Budj Bim Cultural Landscape
The Budj Bim network of channels, weirs and dams is recognised as one of the world's largest and oldest freshwater aquaculture systems, and was inscribed on the UNESCO World Heritage List in July 2019.
Gunditj Mirring Traditional Owners Aboriginal Corporation
The Budj Bim Cultural Landscape of western Victoria is the traditional lands of the Gunditjmara people. The extensive aquaculture and fish trap systems and villages of stone huts were built and used by the Gunditjmara over a period of at least 6,700 years, pre-dating the Great Pyramids of Giza.
The Budj Bim landscape includes Lake Condah, Condah Mission, Tyrendarra Indigenous Protected Area, Kurtonitj and Budj Bim National Park.
LookEar in association with Cooper Scaife Architects, Mono Design, Sound Environment and Gib Wettenhall were commissioned to develop Master Plan conceptual designs for the interpretation and sensitive visitor infrastructure for this highly significant place.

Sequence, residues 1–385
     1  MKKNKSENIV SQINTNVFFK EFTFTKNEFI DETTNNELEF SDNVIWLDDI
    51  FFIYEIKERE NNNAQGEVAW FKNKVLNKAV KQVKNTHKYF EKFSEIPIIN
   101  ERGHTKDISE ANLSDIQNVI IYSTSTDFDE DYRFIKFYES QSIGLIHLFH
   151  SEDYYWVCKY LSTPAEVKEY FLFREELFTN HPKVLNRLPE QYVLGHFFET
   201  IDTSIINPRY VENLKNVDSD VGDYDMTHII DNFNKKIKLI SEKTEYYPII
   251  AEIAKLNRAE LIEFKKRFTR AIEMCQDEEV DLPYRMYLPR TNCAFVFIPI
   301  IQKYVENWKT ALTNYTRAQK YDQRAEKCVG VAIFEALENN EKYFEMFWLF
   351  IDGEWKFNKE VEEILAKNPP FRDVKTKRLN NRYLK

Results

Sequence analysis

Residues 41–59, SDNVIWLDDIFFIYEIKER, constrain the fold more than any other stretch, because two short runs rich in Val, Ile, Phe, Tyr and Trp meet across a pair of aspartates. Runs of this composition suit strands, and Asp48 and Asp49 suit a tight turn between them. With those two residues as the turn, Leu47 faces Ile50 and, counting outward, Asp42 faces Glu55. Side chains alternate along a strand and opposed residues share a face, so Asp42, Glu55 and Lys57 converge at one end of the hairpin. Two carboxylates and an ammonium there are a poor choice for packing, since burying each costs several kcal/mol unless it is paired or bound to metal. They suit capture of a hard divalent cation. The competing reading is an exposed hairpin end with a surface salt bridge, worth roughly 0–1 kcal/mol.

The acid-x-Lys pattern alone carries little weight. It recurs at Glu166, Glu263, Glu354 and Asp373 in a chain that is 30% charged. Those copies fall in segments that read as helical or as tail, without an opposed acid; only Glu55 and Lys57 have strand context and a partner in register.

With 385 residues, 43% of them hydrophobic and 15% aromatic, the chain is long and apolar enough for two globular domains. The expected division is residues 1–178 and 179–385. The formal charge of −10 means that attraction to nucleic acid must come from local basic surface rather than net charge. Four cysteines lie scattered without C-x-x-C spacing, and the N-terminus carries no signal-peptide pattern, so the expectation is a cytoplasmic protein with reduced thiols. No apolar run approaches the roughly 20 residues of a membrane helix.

extensive consultation and engagement with the members of the Gunditjmara community
development of interpretive themes, content and detailed designs
concepts for branding and wayfinding.
Subsequently, LookEar was commissioned to complete the detailed design and documentation for all interpretation elements, ready for manufacture and installation.
a suite of interpretive elements that are integrated into the architectural elements such as walkways, shelters, bridges and lookouts
a digital projected map model and associated AVs at the Budj Bim National Park visitor centre.
The project will be complete by late 2021.